Green groups call for investigation into plastic pollution | Boston

BOSTON — Environmentalists are urging the state to join an investigation into the oil industry into its alleged role in fueling a global plastic pollution crisis.

Last week, the California attorney general subpoenaed ExxonMobil as part of a broader investigation into whether the industry was encouraging the development of petroleum-based plastic products while minimizing harm to the environment and public health.

California AG Rob Bonta has accused Exxon of “greenwashing” the public and says it has engaged in unfair competition and deceptive marketing practices for years.

But the move prompted environmental groups in Massachusetts to ask Attorney General Maura Healey to sign off on the investigation.

Janet Domenitz, executive director of the Massachusetts Public Interest Research Group, said more than 90% of plastic is never recycled and said the oil industry has misled consumers into “thinking we can recycle our out of this crisis.

Plastic waste ends up clogging our landfills and polluting our environment,” she said. “Micro-plastics have been found in our blood, potentially exposing us to harmful chemicals and additives.”

Ben Hellerstein, state director of Environment Massachusetts, said marine life and natural ecosystems are paying the price for an “unchecked plastic waste crisis” that is polluting the country’s rivers and waterways.

“Nothing we use for a few minutes should pollute our environment for hundreds of years,” Hellerstein said.

Healey, who is seeking Democratic nomination for governor, is already embroiled in a major court battle with ExxonMobil over its alleged role in the climate crisis.

In 2019, Healey filed a multi-state lawsuit against the company over allegations that it misled consumers about the threat of environmental degradation from fossil fuel consumption. The outcome of this legal challenge is pending.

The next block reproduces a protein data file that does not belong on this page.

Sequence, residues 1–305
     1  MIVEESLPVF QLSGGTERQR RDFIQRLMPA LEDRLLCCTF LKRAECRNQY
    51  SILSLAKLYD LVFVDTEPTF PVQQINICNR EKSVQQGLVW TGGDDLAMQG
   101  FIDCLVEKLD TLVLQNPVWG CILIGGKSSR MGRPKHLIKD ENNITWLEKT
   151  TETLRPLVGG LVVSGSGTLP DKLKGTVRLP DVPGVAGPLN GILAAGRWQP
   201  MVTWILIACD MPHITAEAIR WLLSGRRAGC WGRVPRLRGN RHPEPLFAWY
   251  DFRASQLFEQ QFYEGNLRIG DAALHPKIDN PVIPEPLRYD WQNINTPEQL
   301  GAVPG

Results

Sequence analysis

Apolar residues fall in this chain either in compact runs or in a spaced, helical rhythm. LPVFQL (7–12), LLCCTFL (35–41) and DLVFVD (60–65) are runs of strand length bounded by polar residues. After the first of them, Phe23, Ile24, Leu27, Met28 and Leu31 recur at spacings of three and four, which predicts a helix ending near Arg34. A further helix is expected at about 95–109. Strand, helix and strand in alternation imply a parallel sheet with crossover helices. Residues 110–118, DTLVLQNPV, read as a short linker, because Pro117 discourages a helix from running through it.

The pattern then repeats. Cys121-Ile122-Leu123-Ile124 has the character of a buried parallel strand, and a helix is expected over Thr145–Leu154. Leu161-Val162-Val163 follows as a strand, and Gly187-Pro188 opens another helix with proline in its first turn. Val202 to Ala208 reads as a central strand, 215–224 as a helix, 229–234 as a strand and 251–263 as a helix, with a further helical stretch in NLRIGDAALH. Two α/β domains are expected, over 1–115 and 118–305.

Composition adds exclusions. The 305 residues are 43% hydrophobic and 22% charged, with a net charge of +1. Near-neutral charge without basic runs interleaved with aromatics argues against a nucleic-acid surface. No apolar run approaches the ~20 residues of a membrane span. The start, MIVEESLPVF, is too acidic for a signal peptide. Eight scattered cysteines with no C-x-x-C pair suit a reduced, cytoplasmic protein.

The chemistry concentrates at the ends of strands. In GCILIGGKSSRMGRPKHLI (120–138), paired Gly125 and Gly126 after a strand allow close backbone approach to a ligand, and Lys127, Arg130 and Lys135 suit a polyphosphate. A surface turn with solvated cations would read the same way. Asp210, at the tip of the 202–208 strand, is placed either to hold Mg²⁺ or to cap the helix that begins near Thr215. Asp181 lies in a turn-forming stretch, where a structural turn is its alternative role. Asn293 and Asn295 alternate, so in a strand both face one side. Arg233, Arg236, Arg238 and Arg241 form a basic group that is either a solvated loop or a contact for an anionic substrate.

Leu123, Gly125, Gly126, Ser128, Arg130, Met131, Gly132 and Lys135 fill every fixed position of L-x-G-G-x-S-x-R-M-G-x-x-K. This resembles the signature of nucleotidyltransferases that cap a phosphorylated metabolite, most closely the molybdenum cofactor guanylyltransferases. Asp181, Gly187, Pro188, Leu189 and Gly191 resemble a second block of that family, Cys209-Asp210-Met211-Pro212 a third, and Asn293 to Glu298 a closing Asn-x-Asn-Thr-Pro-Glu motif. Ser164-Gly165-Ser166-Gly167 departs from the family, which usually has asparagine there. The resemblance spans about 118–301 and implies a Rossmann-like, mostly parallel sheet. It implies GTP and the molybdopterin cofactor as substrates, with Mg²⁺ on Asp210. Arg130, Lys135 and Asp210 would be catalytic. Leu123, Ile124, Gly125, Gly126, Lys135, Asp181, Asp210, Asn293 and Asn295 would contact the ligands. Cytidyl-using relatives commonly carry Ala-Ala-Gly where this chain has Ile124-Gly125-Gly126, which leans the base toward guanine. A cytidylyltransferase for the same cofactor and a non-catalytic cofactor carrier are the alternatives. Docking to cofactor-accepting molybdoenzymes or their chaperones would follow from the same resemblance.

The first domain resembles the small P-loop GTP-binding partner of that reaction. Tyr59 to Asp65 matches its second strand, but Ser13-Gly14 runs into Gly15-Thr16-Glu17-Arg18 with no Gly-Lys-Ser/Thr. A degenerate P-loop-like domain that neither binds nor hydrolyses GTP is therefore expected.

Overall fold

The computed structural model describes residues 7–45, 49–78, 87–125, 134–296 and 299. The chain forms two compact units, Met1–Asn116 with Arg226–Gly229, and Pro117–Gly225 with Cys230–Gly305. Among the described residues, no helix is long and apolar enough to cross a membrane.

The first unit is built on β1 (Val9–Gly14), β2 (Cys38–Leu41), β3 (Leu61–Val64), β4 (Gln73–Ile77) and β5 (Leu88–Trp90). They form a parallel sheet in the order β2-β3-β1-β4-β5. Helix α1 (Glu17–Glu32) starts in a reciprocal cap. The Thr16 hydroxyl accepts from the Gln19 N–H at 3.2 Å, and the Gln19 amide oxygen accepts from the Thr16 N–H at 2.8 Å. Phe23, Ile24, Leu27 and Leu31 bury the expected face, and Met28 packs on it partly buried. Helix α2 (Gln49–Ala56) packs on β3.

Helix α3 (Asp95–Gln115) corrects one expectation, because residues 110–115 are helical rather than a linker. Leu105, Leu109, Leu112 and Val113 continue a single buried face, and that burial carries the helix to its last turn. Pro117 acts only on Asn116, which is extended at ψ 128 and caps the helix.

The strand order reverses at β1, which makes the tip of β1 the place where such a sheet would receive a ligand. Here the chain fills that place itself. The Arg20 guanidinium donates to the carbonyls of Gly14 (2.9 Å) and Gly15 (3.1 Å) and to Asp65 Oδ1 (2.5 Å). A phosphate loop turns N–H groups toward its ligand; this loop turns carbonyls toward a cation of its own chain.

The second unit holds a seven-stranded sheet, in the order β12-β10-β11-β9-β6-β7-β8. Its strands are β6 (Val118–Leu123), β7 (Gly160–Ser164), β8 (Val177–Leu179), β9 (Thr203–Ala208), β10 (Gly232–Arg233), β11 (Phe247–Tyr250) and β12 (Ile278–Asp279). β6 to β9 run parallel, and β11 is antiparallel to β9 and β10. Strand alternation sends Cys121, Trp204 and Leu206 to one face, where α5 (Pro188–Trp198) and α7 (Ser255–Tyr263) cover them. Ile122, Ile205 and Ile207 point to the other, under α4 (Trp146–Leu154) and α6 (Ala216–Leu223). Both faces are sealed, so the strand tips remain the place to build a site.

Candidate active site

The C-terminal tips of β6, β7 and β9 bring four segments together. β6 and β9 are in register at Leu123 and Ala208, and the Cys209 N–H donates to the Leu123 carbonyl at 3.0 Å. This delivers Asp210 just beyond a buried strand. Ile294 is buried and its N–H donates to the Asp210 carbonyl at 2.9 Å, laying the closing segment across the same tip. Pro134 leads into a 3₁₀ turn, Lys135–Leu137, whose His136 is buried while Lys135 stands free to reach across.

In a statement, Exxon called California’s investigation “baseless” and said the company was focusing on solutions to expand large-scale recycling efforts with states.

The American Chemical Council called the survey “misguided” and said the industry “is focused on efforts to improve plastics recycling and deliver meaningful results.”

“Plastics improve the energy efficiency of our cars, reduce the heating and cooling needs of our homes, enable solar panels and wind power, and prevent food waste,” the group said.

The council said it supports efforts to require all plastic packaging in the United States by 2030 to contain at least 30% recycled plastic and to make producers responsible for packaging to help increase recycling.

In Massachusetts, environmental groups are pushing to ban single-use plastic bags and straws, and are urging lawmakers to update the state’s 40-year-old bottle drop law to recycle more glass and plastic bottles.

Massachusetts is one of 10 states, including Maine, Connecticut, and Vermont, with deposit laws. The Bay State 5-Cent Bottle Deposit was enacted in 1983 and allows redemption centers to deduct processing fees from refunds.

Environmental groups say only 42% of beverage containers sold in Massachusetts are covered by the current deposit law. They argue the updated law will stop more plastic and glass from entering regional landfills and incinerators to help the state meet its ambitious greenhouse gas emission reduction goals by 2050.

Christian M. Wade covers the Massachusetts Statehouse for North of Boston Media Group newspapers and websites. Email him at

Bryce K. Locke